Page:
According to research conducted by Teresa Amabile happy people are more creative and productive. http://www.businessweek.com/debateroom/archives/2012/02/employee_happiness_matters_more_than_you_think.html
This may not fit with the image of tortured creative artists who endure great anguish in their struggles to achieve greatness (think Michaelangelo, Van Gogh, Toulouse-Lautrec). Hey, that's okay. If the data says it's true, I'm willing to believe it.
Earlier this week, my wife Lee and I attended a presentation by former Kraft Canada CEO Doug Smith on the subject of Happiness: The Art of Living With Peace, Confidence and Joy http://www.amazon.com/gp/aw/d/0986070807?pc_redir=1412239484&robot_redir=1Doug is a dynamic and vibrant public speaker with an extremely compelling and provocative message: we can learn how to become and stay contented in our daily lives. Doug seems to have mastered these skills as he appears to be very much at ease, despite the cruel hand that fate has dealt him.
A few years ago, Doug learned that he had incurable blood cancer. That news would be enough to devastate most anyone. Instead, Doug used it as a springboard to seek to understand how to master the skills necessary to achieve and maintain happiness. Now, his personal mission is to spread the word and teach these skills to others, and he donates all of the proceeds from his talks to Ohio State University's James Cancer Research Center, where he currently receives treatment (and is responding well, by the way).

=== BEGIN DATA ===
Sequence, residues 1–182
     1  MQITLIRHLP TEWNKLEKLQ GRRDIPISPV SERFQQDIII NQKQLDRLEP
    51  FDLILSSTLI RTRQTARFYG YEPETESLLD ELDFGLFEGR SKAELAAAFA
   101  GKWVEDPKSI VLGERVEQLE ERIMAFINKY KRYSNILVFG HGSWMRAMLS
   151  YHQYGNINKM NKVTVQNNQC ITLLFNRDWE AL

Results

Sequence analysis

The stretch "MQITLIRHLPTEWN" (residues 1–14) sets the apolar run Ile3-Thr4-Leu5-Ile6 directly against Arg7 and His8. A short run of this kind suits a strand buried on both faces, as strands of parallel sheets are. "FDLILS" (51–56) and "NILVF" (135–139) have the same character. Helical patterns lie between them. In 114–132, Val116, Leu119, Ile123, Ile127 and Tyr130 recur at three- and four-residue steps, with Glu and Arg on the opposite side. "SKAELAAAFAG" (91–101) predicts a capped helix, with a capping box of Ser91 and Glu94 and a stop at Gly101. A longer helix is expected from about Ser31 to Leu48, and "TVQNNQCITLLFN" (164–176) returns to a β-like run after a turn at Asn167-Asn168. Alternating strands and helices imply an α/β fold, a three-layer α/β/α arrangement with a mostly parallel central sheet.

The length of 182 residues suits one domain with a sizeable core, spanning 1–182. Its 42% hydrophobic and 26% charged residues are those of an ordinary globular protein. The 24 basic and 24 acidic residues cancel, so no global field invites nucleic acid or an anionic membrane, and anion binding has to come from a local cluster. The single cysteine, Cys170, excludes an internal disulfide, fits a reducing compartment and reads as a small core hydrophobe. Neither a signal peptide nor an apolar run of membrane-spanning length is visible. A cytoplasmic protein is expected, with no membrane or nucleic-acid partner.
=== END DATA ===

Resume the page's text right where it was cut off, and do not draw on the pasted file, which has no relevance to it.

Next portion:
His message is that happiness is the result of being at peace with one's past, being contented and confident in the present, and having optimism and faith about the future. He discusses that barriers to happiness include:
Carrying around negative thoughts about events and people from the past, including the triggers that can cause us to become angry and resentful. These are corrosive our mental and or physical well being. Therefore, we need to learn to let these things go. Easier said than done? Sure, so that's where Doug's skills come in.
Allowing ourselves to become distracted from being present in the moment. This can include the persistent checking of emails, and choosing to engage in other avoidable activities and attention sponges while we are with others. Doug suggests we literally partition our homes so that when one steps over a particular threshold (e.g. kitchen), he is only to do what is expected in that space...and not carry over items (such as work) from the exited location.
Worrying about possible failure to achieve certain desired goals or threats of adverse outcomes. We need faith (whether spiritual, religious or other) to enable us to have a sense of optimism for the future even if we may currently be facing a difficult time or a setback.
While happy people are more creative, innovation can be a messy process that tends to invite interpersonal conflict. Even so, conflict and happiness aren't necessarily mutually exclusive. http://iveybusinessjournal.com/topics/innovation/why-innovation-happens-when-happy-people-fight#.VEOT8BnD_qBIn fact, constructive disagreement can lead to greater outcomes than if everyone opts to agree in order to avoid conflict.
Based on Doug's terrific talk, I am convinced that each of us has potential to be considerably happier in our lives than we currently are. If we pursue this course, it should help us to experience greater life success in a variety of areas, including innovation.